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April 19, 2018

Zoning change advances Nordic Aquafarms' $150M project in Belfast

Courtesy / Nordic Aquafarms
Courtesy / Nordic Aquafarms
Rezoning of the Nordic Aquafarms development property in Belfast was passed by a 5-0 vote by the city council in Belfast on April 17, which enables the Norwegian company to proceed with the permitting process for development of its Phase 1 $150 million salmon farm on a 40-acre property it's buying from the city's water district and a private owner.

Belfast City Council unanimously approved a zoning ordinance change on Tuesday night that allows Nordic Aquafarms to move forward on its $150 million Phase 1 project to build one of the world's largest indoor salmon farms on a 40-acre site off Route 1.

The Bangor Daily News reported that an overflow crowd of about 100 people attended the four-hour council meeting, many of them expressing concerns that the zoning change was happening too quickly and urging councilors to reject the zoning proposal. Concerns included development of the wooded area where the salmon farm is proposed to be, potential impacts of discharge from the plant and the size of the project.

Councilors said Nordic Aquafarms would be subject to further hearings through the permitting process, which includes reviews and permit approvals from state and federal agencies as well as additional local approvals.

A handful of residents in favor of the project said they trusted the company to put environmental concerns at the forefront of its development, the BDN reported.

In a post on the company's website, Nordic Aquafarms reported more detailed plans for the facility will be presented in May, when site exploration work is completed.

"As more details become available, we hope and believe that the community in Belfast will appreciate our effort in securing a "green" project for this community," CEO Erik Heim stated. "As we move along we will emphasize dialogue with the community and take into account the feedback we get."

The proposed facility includes new aquafarming innovations in reducing water use, further reducing already low environmental impacts of land-based seafood concepts and new innovative designs, the company stated.

Long-term investment: Up to $500M

Courtesy / Belfast
Courtesy / Belfast
Map shows the 40-acre Belfast property where Nordic Aquafarms plans to create its salmon farm.

As announced in January, Nordic's farm would produce 33,000 tons of Atlantic salmon per year. The company is buying about 40 acres off Route 1 from the city's water district and a private owner located near the Northport town line.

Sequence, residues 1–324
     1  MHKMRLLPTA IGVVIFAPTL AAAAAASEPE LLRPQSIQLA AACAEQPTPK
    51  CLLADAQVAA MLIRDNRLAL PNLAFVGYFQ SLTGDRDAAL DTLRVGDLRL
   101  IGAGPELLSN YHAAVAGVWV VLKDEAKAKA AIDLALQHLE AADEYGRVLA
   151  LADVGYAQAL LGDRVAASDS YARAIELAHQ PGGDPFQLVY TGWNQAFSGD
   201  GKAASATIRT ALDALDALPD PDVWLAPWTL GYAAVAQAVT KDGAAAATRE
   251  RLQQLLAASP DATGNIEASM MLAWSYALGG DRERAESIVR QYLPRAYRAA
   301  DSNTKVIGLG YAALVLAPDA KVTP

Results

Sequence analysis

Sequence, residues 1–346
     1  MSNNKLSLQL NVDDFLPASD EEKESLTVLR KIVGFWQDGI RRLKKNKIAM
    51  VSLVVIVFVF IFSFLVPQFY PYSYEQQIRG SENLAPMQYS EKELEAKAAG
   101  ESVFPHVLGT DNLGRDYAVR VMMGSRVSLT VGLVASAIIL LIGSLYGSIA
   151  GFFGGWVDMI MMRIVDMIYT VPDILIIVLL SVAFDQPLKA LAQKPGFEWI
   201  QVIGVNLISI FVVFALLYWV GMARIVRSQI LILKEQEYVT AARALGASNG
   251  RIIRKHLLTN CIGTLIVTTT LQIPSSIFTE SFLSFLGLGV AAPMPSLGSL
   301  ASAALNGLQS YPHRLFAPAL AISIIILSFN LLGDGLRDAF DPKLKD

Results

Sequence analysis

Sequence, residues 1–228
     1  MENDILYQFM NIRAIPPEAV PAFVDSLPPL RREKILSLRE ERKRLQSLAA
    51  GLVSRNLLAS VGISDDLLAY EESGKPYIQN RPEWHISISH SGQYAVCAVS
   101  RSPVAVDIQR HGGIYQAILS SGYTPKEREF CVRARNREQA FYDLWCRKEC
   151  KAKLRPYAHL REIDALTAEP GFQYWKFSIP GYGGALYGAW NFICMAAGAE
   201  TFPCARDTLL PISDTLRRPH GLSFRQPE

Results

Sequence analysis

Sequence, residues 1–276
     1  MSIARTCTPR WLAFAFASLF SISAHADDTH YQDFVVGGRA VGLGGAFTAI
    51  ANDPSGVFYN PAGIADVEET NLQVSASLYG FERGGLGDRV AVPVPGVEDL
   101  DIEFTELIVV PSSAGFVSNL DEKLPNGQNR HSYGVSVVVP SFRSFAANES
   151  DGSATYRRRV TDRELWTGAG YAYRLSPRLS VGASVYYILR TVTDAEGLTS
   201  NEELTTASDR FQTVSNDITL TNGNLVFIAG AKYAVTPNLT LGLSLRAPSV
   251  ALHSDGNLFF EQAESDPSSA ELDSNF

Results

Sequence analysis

City Planner Wayne Marshall said he expects about 25 acres will be developed.

Nordic Aquafarms, headquartered in Norway and one of the largest international developers of land-based aquaculture, said at a January news conference its total capital investment is expected to be between $450 million and $500 million. In the project's first phase over the next two years, Nordic will invest $150 million and hire 60 people. Belfast was selected after the company assessed international markets and conducted comprehensive site searches throughout New England

According to its website, Nordic is the first company in Norway to move salmon production into large-scale land-based systems. Land-based seafood farming is a young industry with tremendous potential, the company says: "All such production is subject to biological risks and to improvement potential."

The company is currently invested in three facilities, one in Norway and two in Denmark. Construction of Fredrikstad Seafoods in Norway has started after two years of planning. The salmon facility will be ready for production in late 2018 and ready to deliver product one year after that. Fully expanded, the facility will produce up to 6,000 tons of salmon annually.

Sashimi Royal is in the northwestern part of Denmark in Hanstholm. The facility is the largest yellowtail kingfish in the world. Annual production capacity is approximately 1,200 tons. The facility has expansion potential up to 4,800 tons annually. Sashimi Royal is vertically integrated with the yellowtail hatchery Maximus in Denmark, which has over 100 broodstock fish.

Nordic Aquafarms Inc. was incorporated in Delaware in 2017 as the legal entity for the company's U.S. business operations.

Read more

Nordic Aquafarms on track to start construction of land-based salmon farm in Belfast next year

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